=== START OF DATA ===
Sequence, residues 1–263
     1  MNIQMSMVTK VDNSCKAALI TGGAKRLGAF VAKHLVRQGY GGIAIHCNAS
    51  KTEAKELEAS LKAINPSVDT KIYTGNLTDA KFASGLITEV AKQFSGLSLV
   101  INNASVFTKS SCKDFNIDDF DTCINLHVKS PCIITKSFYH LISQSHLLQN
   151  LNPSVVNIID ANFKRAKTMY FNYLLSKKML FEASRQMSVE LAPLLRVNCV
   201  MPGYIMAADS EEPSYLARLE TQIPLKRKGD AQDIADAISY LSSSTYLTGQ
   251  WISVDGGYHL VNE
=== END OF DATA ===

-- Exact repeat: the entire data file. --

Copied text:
Sequence, residues 1–263
     1  MNIQMSMVTK VDNSCKAALI TGGAKRLGAF VAKHLVRQGY GGIAIHCNAS
    51  KTEAKELEAS LKAINPSVDT KIYTGNLTDA KFASGLITEV AKQFSGLSLV
   101  INNASVFTKS SCKDFNIDDF DTCINLHVKS PCIITKSFYH LISQSHLLQN
   151  LNPSVVNIID ANFKRAKTMY FNYLLSKKML FEASRQMSVE LAPLLRVNCV
   201  MPGYIMAADS EEPSYLARLE TQIPLKRKGD AQDIADAISY LSSSTYLTGQ
   251  WISVDGGYHL VNE